Jenny Holzer Shared Her Life's Work, Was Just as Amazing as You Thought She'd Be
The Modern turns 10 years old this month. To celebrate Tadao Ando's glass leisure labyrinth, the museum's staff has gone all out. It's been purchasing new acquisitions by contemporary daddy macs like Nauman and Flaven, and has even brought some of these greats in, Bruce Nauman most recently, to give lectures. Free ones.
Please visit http://www.jennyholzer.com/Projections/credit/Florence1996/# for this list of credits The site of this projection -- a series surrounding love and loss -- was done on the side of a French brothel, although they didn't realize it at the time.
Last night was the final, and for many, the most thrilling of the series, as the Modern welcomed conceptual artist Jenny Holzer. Since Holzer's work is intimately linked to its geography and surrounding architecture, the Modern has commissioned a new piece from her for its permanent collection. She and her team have been fussing over the project for at least a year, she says, and have been installing all week. "Ando blue" will be flipped on during the Modern's 10 Year Anniversary Gala on Thursday, and open to the public beginning Friday.
Held to secrecy regarding specifics, Holzer told the crown of 250 only that it "was blue" and "very long" and would reflect off the water and glass, playing with its surrounding space.
Holzer is known for many projects -- a list nearly too long to tackle with specifics. Her foundations lie in providing moments of rest to a chaotic world through placing art in public spaces. She spoke humbly about these accomplishments that have taken her to represent America, and women as a whole, at the Biennale; to project massive phrasing off the side of the Alps; and to do repeated combat with the aggressive, almost bullying architecture of the Guggenheim. Holzer relayed these stories while assuming the grace and posture of a wise owl, barely opening her lips while discussing the philosophers, poets and secret documents she researched to find appropriate text for each space.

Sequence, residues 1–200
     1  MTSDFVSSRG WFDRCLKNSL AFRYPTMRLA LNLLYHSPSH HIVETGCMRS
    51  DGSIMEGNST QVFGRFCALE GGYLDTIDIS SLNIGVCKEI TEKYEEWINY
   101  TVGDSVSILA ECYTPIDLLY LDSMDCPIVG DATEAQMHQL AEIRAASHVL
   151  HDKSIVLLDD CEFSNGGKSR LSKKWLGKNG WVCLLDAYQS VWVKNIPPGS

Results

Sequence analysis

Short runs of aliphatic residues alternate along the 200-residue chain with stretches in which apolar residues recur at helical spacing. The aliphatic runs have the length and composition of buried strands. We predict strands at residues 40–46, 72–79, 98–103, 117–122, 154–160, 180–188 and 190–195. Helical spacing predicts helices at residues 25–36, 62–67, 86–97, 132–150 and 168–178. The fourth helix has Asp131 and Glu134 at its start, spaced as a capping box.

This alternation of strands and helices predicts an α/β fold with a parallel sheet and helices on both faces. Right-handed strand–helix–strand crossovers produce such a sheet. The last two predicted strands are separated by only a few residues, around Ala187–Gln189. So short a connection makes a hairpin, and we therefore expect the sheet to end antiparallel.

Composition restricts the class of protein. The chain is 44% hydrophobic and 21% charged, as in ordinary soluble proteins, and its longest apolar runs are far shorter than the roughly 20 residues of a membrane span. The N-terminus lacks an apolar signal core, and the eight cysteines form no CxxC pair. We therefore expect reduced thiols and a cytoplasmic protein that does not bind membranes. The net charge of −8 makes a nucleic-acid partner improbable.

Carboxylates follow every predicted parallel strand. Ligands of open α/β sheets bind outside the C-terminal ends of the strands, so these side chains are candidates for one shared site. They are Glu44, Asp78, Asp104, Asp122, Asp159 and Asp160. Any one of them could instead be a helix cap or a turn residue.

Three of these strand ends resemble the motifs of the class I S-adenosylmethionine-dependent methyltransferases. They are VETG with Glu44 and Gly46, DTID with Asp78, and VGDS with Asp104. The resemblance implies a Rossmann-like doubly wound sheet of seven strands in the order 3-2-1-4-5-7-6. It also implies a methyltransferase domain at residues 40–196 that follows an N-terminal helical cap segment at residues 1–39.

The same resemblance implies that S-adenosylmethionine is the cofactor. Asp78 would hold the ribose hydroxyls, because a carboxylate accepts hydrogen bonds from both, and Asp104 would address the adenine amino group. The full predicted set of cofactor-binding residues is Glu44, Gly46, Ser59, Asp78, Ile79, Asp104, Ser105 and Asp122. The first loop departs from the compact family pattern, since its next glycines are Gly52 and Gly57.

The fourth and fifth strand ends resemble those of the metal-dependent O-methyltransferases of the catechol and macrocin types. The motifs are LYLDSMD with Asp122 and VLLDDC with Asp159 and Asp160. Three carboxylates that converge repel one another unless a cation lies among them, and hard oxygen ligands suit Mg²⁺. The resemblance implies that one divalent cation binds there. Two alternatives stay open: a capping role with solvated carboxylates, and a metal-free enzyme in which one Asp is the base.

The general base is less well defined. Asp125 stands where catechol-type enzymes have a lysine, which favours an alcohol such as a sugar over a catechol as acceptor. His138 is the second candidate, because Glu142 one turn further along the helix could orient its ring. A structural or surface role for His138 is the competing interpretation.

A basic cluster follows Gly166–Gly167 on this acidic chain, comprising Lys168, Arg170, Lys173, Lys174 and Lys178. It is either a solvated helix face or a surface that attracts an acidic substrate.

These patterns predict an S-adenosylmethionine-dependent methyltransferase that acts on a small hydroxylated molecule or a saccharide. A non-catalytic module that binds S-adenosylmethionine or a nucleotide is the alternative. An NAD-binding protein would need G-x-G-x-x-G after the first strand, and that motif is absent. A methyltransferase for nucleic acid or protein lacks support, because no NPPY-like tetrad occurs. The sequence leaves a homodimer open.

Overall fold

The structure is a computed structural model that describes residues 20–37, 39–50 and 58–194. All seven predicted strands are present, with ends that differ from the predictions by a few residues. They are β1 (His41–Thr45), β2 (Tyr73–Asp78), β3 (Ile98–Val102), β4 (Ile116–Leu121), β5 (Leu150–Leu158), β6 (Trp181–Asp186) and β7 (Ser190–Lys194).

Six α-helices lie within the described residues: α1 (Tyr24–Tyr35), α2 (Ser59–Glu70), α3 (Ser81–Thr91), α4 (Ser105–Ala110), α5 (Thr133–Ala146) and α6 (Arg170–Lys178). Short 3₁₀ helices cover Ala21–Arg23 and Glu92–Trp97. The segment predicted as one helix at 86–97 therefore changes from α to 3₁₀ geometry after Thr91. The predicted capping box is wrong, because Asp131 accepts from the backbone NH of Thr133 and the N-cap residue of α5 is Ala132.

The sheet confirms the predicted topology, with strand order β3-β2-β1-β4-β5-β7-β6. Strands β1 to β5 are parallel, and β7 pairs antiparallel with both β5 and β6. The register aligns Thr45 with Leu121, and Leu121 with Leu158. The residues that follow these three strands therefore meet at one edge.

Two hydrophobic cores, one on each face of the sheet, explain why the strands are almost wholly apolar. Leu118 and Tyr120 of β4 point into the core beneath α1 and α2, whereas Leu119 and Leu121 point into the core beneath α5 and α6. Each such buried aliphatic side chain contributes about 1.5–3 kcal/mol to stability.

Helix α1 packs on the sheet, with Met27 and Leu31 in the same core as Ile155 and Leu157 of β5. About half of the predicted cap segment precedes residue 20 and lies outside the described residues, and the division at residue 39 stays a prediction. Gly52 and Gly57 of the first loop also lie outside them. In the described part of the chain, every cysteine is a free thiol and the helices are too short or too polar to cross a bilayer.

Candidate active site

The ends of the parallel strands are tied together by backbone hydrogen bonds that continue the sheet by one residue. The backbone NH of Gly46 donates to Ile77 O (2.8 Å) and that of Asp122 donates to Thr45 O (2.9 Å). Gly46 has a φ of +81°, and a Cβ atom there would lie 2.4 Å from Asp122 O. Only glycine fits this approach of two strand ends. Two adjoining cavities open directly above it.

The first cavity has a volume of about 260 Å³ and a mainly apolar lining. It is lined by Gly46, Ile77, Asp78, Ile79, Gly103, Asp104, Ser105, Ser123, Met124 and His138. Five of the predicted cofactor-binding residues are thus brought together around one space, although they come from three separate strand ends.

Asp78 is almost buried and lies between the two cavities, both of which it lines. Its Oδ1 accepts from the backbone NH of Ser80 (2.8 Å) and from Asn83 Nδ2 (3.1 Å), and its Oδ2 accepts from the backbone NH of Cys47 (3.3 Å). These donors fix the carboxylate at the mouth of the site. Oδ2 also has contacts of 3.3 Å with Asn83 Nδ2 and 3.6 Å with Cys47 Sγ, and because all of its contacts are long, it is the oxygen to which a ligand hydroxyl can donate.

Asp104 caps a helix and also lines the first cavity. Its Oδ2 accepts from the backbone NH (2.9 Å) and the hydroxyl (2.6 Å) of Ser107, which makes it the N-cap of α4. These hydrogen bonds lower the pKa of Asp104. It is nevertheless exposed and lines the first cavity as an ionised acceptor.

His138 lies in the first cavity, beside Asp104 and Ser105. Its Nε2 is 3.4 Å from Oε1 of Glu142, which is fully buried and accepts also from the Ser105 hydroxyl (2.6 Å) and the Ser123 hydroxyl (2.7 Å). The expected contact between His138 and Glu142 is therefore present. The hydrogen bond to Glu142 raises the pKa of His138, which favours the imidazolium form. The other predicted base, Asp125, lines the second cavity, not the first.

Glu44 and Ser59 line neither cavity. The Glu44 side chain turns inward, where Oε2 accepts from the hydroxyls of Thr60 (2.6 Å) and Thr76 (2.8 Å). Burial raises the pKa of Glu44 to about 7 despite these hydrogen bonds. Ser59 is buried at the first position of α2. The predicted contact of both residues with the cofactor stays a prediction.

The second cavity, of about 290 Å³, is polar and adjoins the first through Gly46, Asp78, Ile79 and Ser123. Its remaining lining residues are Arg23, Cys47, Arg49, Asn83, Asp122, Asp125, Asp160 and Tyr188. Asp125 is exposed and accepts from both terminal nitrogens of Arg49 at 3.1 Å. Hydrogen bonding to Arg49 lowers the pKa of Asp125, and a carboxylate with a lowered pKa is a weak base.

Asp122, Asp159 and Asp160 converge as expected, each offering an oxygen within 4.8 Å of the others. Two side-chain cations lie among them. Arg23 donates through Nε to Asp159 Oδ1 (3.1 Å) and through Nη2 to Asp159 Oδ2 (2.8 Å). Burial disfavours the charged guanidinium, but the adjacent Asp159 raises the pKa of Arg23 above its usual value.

At this stage of her career she's become a sort of emotional medic. A healing force frequently sent into, or "invited" to places where suffering is still fresh. Spots where women were torn open, innocent people wandered into terrible peril or a nation acted at its worst. She, the artful medium, channels messages -- often tender but always revealing ones -- to those who enter next.
Holzer is quick to point out that her sculptural transmissions were not always the stuff of global courting. She unabashedly discussed her aimless days. In grad school at RISD she admitted to painting some "terrible" abstract art and trying to organize pigeons into geometric shapes with the aid of birdseed.
She was searching, and unsure about where she fit into this world, or if she did at all. But in her open course program at the Whitney, it all changed. When discussing her coursework's reading list, we imagine it to be the length of an unraveled biblical scroll -- she was left treading water in a pool of words and phrases. Finding peace and space within that led to her anonymous poster series in New York. And that project? Well, it led to everything.
Despite her poise and controlled nature, Holzer's got mischief percolating. The artist carries a natural gift for comedic timing -- a very subtle thing that you don't expect. While clicking through her PowerPoint of work, she lags just a little longer on a marquee blanketed with lights, reading: "MONEY CREATES TASTE".
"Vegas," she notes.
Clicking another shows street artist Lady Pink wearing a deconstructed top with the phrase "ABUSE OF POWER COMES AS NO SURPRISE".
"Truisms are great for T-shirts," shrugs Holzer.
But my favorite story was an early one, retelling the narrative of her first ever commission. She was hired by a flashy bank on Wall Street bank to create a large-scale installation, filled with hundreds of the artist's truisms.
It was short-lived.
In two days the collection was removed and stacked in the custodial closet. Someone, it seems, had invested the time to read them all. He took issue with one phrase in particular, "IT ISN'T WISE TO LIVE ON CREDIT".
"It turned out," noted Holzer with a tiny grin, "I was right."
The entire lecture will be made live as a podcast in two weeks. So keep an eye on the Modern's website. And visit the new Holzer acquisition, along with all of the other Ten Year Anniversary scores, beginning this Friday.